As your child applies for scholarships, they are almost guaranteed to find some that require a letter of recommendation as part of the application process. Getting a scholarship letter of recommendation can feel like a challenge, especially if your student doesn’t know who they should ask to supply this important document. With this guide, we will help you and your child ensure they get the best letter of recommendation for scholarships possible!
To help you both become more familiar with the scholarship letter of recommendation requirement, here’s what you need to know.
What is a Scholarship Letter of Recommendation?
Letters of recommendation for scholarships are similar to those your child may have acquired as part of the college admissions process. Typically, these documents provide the scholarship committees with valuable insight regarding your student’s qualities, character, and accomplishments. They are usually written by someone who knows your child well, as people who are close to them can best speak to their attributes or answer any identified questions the scholarship committee may have.
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Who Can Write the Letter?
Often, one of the hardest parts about acquiring a scholarship letter of recommendation is determining who should actually write the letter. In some cases, the instructions for applying will specify who the committee wants to hear from, making this part of the process somewhat easier. However, when they don’t provide explicit guidance, your child will have to make this determination on their own.
The most common sources for a scholarship letter of recommendation are teachers, employers, volunteer work supervisors, and mentors.
At times, coworkers may also be suitable options, depending on the nature of the relationship.
It helps to have multiple options when it comes to those writing a letter for your child. This helps avoid overwhelming one person with a ton of requests.
Furthermore, ensuring these various letters are from people in different areas is best to share a well-rounded view. For example, if the scholarship allows 2 or 3 letters of recommendation, we suggest getting one from a left-brain activity or subject (science or math for example), one from a right-brain activity or subject (creative tasks), and/or one from an extracurricular activity. This isn’t a hard rule but the idea is to use the opportunity of submitting multiple letters to share a well-rounded picture.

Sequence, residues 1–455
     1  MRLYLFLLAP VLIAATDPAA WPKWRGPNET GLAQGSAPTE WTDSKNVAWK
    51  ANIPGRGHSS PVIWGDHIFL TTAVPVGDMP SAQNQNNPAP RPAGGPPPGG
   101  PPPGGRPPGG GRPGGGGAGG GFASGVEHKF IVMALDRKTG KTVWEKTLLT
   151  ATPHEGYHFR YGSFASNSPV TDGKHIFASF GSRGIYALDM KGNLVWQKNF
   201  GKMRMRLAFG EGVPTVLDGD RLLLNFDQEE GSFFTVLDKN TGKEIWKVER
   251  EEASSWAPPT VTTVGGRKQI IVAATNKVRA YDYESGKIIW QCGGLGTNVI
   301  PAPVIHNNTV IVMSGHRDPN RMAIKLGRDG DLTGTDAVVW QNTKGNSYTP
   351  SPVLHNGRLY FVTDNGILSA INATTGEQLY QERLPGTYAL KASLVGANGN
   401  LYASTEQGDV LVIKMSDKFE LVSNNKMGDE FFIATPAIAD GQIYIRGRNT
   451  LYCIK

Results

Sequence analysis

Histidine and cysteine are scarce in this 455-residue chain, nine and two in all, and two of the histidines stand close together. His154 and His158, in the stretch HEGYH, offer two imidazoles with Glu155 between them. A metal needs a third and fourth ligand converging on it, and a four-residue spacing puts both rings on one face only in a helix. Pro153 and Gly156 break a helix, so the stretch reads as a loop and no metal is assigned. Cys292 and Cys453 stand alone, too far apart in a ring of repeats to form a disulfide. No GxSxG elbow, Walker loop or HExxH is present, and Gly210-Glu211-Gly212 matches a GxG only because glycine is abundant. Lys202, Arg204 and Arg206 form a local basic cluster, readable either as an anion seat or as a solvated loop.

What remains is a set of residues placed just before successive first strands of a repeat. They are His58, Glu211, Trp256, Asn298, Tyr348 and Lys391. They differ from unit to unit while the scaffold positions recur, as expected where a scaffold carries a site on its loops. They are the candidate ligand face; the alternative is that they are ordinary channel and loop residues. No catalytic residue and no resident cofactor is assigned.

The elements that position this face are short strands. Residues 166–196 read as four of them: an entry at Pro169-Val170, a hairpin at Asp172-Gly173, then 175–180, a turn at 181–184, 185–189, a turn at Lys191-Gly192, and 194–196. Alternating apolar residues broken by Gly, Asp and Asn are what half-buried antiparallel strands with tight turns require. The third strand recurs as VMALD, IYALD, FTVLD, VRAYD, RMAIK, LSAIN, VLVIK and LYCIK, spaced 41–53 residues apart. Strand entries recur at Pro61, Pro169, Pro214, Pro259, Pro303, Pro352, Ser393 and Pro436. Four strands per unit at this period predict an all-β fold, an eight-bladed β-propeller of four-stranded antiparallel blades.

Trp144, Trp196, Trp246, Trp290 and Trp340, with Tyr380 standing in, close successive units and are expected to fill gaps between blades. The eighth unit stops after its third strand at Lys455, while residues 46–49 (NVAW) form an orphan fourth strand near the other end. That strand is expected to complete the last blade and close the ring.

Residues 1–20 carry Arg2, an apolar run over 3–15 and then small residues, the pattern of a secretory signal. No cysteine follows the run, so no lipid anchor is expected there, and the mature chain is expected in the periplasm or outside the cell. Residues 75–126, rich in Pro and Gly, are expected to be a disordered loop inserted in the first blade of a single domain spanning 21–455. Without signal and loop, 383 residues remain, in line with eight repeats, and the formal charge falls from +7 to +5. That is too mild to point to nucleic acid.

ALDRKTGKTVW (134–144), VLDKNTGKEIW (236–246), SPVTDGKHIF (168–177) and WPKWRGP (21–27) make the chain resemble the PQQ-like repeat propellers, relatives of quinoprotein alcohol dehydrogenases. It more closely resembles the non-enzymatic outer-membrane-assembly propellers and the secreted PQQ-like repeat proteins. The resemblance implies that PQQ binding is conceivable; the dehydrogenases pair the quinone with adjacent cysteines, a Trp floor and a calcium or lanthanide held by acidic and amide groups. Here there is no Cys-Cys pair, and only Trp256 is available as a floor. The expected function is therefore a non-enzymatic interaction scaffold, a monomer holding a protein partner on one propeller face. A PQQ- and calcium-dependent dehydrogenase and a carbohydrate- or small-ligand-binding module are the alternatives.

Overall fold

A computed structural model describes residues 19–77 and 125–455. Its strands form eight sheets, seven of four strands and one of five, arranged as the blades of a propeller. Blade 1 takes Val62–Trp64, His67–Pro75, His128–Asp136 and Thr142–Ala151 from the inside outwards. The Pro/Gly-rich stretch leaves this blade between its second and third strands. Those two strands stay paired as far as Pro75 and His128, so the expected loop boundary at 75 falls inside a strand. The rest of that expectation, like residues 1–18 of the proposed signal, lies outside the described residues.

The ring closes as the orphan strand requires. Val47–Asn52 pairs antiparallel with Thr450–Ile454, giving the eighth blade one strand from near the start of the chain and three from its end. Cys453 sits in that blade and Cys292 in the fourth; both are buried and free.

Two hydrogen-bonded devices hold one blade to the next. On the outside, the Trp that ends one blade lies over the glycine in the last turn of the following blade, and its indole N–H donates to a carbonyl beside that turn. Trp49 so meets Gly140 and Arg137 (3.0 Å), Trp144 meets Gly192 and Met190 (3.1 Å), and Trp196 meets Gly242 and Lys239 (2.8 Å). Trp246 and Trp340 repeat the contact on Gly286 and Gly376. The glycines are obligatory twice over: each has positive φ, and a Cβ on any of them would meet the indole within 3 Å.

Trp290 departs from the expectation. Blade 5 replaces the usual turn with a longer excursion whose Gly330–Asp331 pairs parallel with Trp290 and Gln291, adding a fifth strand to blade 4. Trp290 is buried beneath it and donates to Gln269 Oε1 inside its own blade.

The most important part in deciding who to ask is to choose a person who can provide the committee with the most valuable information. However, even though they may know your child better than anyone else, family members and friends aren’t usually the best sources in the eyes of the committee (unless the instructions specifically request their input).
Is a Scholarship Letter of Recommendation Necessary?
Whether or not a scholarship letter of recommendation is considered a requirement is based on the application’s instructions provided by the committee. If one is listed as a must-have portion of the application, then, yes, it is always necessary.
In cases where one isn’t requested, your child may still want to submit one, as long as the instructions allow for supplemental documents. At times, your student will have the flexibility to provide additional information that helps demonstrate why they should be considered for the award, and a scholarship letter of recommendation is a wonderful addition. But, other applications are a bit more limiting, and they don’t want anything added that isn’t spelled out on the requirements list.
How Many Letters Does Your Child Need?
The answer to this question depends on the scholarships to which your child is applying. Certain committees will only request a single letter of recommendation, while others may want two or three. In some cases, the same document can be used in multiple applications, as long as the content is applicable to each of the scholarships, but that isn’t always an option depending on the topics that need to be covered by the writer.